Hearty Country Minestrone
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lb Italian pork sausage links, cut into 1/2-inch pieces
medium carrots, cut into 1/4-inch slices (1 cup)
large onion, chopped (1 cup)
medium stalk celery, sliced (1/2 cup)
cup frozen whole kernel corn
cans (14 oz) beef broth
can (14.5 oz) diced tomatoes with basil, garlic and oregano, undrained
cup uncooked small pasta shells (4 oz)
Spray 4-quart saucepan or Dutch oven with cooking spray. Add sausage; cook over medium-high heat, stirring frequently, until pork is no longer pink. Drain. Add carrots, onions and celery; cook and stir 2 minutes.
Add all remaining ingredients except pasta; mix well. Heat to boiling. Reduce heat to medium-low; cook 5 to 6 minutes until vegetables are tender.
Add pasta; return to boiling. Cook 5 to 10 minutes, stirring occasionally, until pasta is tender.
Serving Size: 1 Serving
- Calories from Fat
% Daily Value
- Total Fat
- Saturated Fat
- 3 1/2g
- Trans Fat
- Total Carbohydrate
- Dietary Fiber
- Vitamin A
- Vitamin C
1 Starch; 0 Fruit; 1/2 Other Carbohydrate; 0 Skim Milk; 0 Low-Fat Milk; 0 Milk; 1 Vegetable; 0 Very Lean Meat; 0 Lean Meat; 1 High-Fat Meat; 1/2 Fat;
*Percent Daily Values are based on a 2,000 calorie diet.
- 2008 © and ®/™ of General Mills
The Best Minestrone Soup Recipe This post may contain affiliate links. Please see my disclosure policy for details. Nothing says more &ldquocomfort food&rdquo than thick, hearty, melt-in-the-mouth Minestrone Soup. Italian Minestrone soup is made with seasonal veggies, legumes and small pasta shape or rice. The beauty of this soup is that you can make it a hundred times and have it taste different every time you make it. For this reason there&rsquos no a set recipe for Italian minestrone soup but rather some basic concepts of choosing and cooking veggies, legumes and pasta. Depending on the season, your local farm&rsquos market availability and your personal taste preferences your vegetable selection will be different almost each time you make minestrone. But regardless of this here are some of the key step and ingredients you don&rsquot want to miss. Minestrone Soup (Plus a Twist!)
I’m ashamed to admit that this is only the second time in the past 8 years that I’ve made minestrone! My Italian family would be so disappointed, but when you love soup as much as I do, it’s hard to eat the same kind over again.
I’m kind of a mad scientist in the kitchen when it comes to soup, just ask my husband. I stayed pretty true to this classic though, with the exception of one ingredient: pesto! Our family is obsessed with basil pesto… it’s FULL of herby flavor and I think it adds a nice flavor that really takes this soup from good to amazing!!
Ingredients for this soup
This minestrone uses up all sorts of green veggies. In fact you can just use whatever odds and ends you have in the fridge. Here’s what I used to make my minestrone.
- Bacon – just two rasher chopped up to really add some flavour to the minestrone
- Onion, leek, celery and garlic – this is your soup base
- The liquid – white wine and chicken stock (feel free to use vegetable stock instead)
- The greens – I used courgette/zucchini, green beans, broccoli, asparagus and peas (frozen!)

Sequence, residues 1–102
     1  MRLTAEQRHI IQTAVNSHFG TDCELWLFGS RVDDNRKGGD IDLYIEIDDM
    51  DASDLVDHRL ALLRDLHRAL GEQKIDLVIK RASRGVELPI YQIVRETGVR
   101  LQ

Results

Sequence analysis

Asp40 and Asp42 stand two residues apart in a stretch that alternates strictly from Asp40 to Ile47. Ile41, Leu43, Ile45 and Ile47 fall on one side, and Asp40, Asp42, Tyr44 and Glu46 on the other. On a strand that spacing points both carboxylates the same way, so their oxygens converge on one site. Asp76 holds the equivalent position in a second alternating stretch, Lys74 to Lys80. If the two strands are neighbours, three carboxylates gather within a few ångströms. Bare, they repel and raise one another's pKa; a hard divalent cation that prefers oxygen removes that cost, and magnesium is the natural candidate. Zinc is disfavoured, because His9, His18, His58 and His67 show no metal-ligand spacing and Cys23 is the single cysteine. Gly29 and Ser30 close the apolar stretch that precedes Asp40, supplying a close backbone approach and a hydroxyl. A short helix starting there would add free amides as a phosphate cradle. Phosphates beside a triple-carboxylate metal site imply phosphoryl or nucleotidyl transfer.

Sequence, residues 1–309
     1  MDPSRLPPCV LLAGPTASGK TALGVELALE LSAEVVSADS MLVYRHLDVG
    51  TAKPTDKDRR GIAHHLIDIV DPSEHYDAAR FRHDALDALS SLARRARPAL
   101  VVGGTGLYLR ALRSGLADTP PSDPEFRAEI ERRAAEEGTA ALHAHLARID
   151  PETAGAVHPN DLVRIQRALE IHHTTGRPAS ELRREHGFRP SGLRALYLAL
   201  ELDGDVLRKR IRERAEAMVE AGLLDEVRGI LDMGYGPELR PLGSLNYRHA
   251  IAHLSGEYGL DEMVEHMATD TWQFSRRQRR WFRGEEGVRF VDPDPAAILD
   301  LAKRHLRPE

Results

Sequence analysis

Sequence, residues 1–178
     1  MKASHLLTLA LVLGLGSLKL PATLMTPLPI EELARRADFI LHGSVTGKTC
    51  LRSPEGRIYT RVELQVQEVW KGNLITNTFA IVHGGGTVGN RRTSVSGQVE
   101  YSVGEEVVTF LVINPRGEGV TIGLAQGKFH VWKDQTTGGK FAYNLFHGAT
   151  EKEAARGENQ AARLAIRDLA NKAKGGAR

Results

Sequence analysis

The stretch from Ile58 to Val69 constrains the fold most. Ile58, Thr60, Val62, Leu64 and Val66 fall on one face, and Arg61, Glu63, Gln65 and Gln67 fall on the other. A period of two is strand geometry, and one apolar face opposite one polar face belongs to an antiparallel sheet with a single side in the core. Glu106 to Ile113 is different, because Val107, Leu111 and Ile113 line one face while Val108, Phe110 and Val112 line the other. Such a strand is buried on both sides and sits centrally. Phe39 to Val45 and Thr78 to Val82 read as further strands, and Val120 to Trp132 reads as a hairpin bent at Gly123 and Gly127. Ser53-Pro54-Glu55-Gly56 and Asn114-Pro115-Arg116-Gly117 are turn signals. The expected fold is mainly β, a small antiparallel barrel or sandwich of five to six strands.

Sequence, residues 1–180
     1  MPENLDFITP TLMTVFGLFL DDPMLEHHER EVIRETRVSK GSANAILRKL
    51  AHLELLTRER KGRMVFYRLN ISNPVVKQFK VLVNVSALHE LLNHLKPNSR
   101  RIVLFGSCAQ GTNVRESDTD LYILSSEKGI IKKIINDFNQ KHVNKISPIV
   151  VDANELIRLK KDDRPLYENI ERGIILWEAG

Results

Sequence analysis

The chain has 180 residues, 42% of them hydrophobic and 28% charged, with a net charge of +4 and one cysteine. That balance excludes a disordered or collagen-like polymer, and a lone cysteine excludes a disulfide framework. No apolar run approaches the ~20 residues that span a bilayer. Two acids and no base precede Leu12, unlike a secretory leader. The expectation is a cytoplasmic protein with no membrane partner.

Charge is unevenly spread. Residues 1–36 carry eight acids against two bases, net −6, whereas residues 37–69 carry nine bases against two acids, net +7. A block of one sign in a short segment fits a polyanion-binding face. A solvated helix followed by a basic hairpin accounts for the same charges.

- Flavour – A bay leaf and dried oregano
- Pasta – no real minestrone soup can be without pasta! Use a small pasta like macaroni or mini pasta shapes.
I use what I call my pasta smash for this minestrone recipe. This is all the bits and bobs of broken pasta that’s leftover from other recipes and my pasta packets. I keep all these in a jar so I can use them to add some thickening and texture to soup whenever I fancy.
Chi ben cena, ben dorme. “He who drinks soup, sleeps well”. This Italian proverb is quite far from the famous “He who sleeps forgets his hunger”. So let’s have a supper with an institution of Italian cuisine: minestrone.
What is minestrone?
Minestrone comes from Italian minestra which means “soup” or “to serve”. It designates a preparation of fresh seasonal vegetables cut and cooked in a broth.
Consumed throughout Italy, there are many variations depending on the seasons and regions, often associated with dried beans, pasta, rice, but also sometimes basil and Parmesan cheese. There is no single recipe for minestrone as its origins are rooted in remote and rural popular Italian tradition.
Minestrone is the epitome of the cucina povera or cuisine of the poor as opposed to cucina nobile, noble cuisine. A hearty, simple and inexpensive cuisine that allowed the people to take advantage of the leftovers of previous meals, mainly accompaniments in this case here, to which seasonal vegetables from the garden or market were added.
How to make minestrone
Although today, we often find blends of all these vegetables, there are however major regional trends in the selection of the ingredients in minestrone.
Indeed, it is more common to find root vegetables such as the potato, carrot, celery and onion in northern Italy, while stem vegetables are usually used in the South, including tomatoes, peas, beans or zucchini. Also, although most recent recipes ask for vegetable or chicken stock, the authentic and traditional recipe of minestrone only required water.
The recipe I chose for today is a vegetarian minestrone, but again it is only a variant among a multitude of recipes as some recipes include bacon or a whole piece of ham, a pork head or pancetta. Vegetarian minestrone was at the time more popular, due to the high price of meat.
Categories of soup in Italy
Italians classify their soups in three distinct categories according to their consistency:
– Minestrine for light soups or broths
– Minestre for hearty soups
– Minestroni for thick soups
Minestrone is therefore part of the latter group.
If you like soup as much as I do, I invite you to discover all the soup recipes we have already featured on 196 flavors.
This recipe is validated by our Italian culinary expert, Benny the Chef.